Samoan robotics team all set, get $3,000 support
A robot manufactured locally by five Samoan students is ready to take on the world in an international robotics competition in Dubai.
Robert Louis Stevenson School (R.L.S.S.) Form 5 students, Aukusitino Potoi, Julius Netzler, Victoria Amosa, Alexandria Matalavea and Marion Fruean will travel to the United Arab Emirates capital Dubai in a fortnight to take part in the FIRST Global Challenge.
The event is an annual robotics competition that seeks to highlight the greatest challenges facing the planet. This year's competition will be held from October 24-27.
This year the teams will learn about real-world challenges relating to cleaning up the world's oceans, consequently the theme "ocean opportunities" for the competition
The Samoan students will be accompanied to Dubai by their teacher, Masa Fa’asau and mentor, Lemamea Sia Matalavea.
R.L.S.S. principal, Fiaapia Devoe, told the Samoa Observer that they have not reached the fundraising target that they had set in order to raise more funding for the trip to Dubai.
“We still have two weeks to go and what we use in Dubai for the students we are trying to aim for to get,” she said.
The Dubai government will pay for the team's return airfares to Dubai with funding for accommodation and food expected to be raised through fundraising by the school, families, friends and supporters.
On Thursday the Samoa Gambling Control Authority stepped forward to throw its support behind the team, and donated a $3,000 tala cheque to the team at the University of South Pacific Alafua Campus.
The Authority's Chief Executive Officer, Tuala Tamaalelagi Tuala II, said their Board gave approval for the funding support and he hoped their participation will encourage Samoa's youth.
“It's a valuable exposure for them overseas in what other opportunities exist for them in a non-sports areas and in robotic science is good,” he said.
Tuala said he is happy to be making a donation to a team that is representing the country in its first ever international robotics competition.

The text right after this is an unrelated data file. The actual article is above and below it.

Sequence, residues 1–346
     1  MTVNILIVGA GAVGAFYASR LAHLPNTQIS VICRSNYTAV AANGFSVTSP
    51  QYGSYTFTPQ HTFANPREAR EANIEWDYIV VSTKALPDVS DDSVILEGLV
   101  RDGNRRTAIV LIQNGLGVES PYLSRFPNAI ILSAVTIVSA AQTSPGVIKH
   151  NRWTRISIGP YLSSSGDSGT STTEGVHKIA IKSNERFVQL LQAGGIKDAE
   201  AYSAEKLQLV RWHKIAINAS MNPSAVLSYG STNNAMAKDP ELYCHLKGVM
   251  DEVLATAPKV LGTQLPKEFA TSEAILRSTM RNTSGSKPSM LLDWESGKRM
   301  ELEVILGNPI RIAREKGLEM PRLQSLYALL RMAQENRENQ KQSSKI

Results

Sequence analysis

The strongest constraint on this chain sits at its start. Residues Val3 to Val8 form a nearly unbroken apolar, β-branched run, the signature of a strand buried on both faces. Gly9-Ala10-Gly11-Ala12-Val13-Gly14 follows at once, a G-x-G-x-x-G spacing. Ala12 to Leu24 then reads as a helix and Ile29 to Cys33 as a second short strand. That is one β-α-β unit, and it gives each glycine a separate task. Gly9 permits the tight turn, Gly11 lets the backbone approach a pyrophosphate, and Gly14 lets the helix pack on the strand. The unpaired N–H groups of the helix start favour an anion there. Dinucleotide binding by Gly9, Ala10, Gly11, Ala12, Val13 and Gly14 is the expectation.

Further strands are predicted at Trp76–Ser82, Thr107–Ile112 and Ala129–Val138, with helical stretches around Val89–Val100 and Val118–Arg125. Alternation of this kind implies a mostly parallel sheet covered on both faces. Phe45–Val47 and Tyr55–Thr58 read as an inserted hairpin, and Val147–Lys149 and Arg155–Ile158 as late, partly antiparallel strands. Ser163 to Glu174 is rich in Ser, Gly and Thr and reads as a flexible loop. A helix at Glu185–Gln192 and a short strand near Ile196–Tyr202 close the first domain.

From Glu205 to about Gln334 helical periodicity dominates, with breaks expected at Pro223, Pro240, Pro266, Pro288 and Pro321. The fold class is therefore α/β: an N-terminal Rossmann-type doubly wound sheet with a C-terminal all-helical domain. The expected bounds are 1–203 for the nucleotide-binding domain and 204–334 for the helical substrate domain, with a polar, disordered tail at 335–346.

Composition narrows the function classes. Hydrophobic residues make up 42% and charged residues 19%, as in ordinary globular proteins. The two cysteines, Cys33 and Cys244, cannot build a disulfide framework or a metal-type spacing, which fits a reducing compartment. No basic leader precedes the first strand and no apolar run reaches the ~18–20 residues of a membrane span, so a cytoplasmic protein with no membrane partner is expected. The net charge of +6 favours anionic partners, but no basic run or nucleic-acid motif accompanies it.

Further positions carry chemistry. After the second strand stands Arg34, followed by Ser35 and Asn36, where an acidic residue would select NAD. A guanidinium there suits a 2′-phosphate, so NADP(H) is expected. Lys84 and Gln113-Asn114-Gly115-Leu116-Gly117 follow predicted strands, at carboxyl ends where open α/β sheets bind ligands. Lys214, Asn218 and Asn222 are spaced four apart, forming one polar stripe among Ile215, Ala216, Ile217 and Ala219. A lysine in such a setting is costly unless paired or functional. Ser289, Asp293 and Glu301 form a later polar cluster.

Following the cheque presentation, the five R.L.S.S. students did a demonstration for Tuala to show how the robot will compete in Dubai as well as to show their appreciation for his organisation's support.
Tuala wished the team all the best and said he hopes the country's youth continue to embrace similar opportunities on the world stage and in an important area such as robotics.
According to the FIRST Global Challenge website, two groups made up of three teams from different states will work to clear the ocean of pollutants. The cleanup crews have 2 minutes and 30 seconds to collect pollutants, deliver them to the processing areas, and finally removing their robots – also known as collectors – from the ocean.
Prior to the start of the match, each side of the playing field is covered in pollutants randomly distributed. A total of thirty 30 micro pollutants and 50 macro pollutants, represented by small and large foam balls, litter the ocean. The cleanup crews score points by transferring pollutants to two types of processing areas located in the ocean—the processing barge and the reduction processing hub.
The processing barge, located in the center of the ocean, is divided into to a blue alliance side and a red alliance side. Collectors score points by depositing pollutants on the three levels, each representing different degrees of processing. As the levels progress from lowest to highest, the point value increases.